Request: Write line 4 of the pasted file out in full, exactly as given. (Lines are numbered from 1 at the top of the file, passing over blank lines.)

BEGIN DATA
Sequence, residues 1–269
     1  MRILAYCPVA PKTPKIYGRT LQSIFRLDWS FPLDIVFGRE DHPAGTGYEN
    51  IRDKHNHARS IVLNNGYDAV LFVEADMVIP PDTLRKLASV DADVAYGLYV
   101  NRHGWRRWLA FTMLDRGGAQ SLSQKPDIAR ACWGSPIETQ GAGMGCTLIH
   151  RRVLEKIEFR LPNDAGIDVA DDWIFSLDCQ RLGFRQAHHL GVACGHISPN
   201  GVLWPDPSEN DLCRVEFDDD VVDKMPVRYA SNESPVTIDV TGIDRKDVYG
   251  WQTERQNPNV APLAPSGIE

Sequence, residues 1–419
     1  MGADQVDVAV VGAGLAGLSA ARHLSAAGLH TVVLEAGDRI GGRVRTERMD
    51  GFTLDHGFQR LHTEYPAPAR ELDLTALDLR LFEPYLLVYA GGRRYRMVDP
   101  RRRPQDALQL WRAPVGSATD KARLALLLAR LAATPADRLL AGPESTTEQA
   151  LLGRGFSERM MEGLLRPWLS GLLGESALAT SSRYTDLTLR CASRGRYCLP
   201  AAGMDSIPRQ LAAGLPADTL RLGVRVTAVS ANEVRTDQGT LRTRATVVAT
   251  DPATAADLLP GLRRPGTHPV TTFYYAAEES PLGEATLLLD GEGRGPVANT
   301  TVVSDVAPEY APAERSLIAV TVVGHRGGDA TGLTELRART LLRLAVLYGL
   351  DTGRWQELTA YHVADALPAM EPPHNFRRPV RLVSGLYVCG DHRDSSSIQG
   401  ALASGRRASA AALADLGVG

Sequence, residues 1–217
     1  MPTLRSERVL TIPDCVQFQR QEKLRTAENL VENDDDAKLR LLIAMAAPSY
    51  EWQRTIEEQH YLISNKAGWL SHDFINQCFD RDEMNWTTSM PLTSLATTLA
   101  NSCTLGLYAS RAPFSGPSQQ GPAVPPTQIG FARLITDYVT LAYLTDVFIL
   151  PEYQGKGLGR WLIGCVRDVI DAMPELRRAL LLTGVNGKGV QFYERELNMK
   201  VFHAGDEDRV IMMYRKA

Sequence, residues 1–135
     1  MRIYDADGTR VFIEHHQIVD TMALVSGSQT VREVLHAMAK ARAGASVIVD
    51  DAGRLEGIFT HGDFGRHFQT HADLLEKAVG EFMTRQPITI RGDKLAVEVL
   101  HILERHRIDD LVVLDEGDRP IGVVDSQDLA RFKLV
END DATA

   101  NRHGWRRWLA FTMLDRGGAQ SLSQKPDIAR ACWGSPIETQ GAGMGCTLIH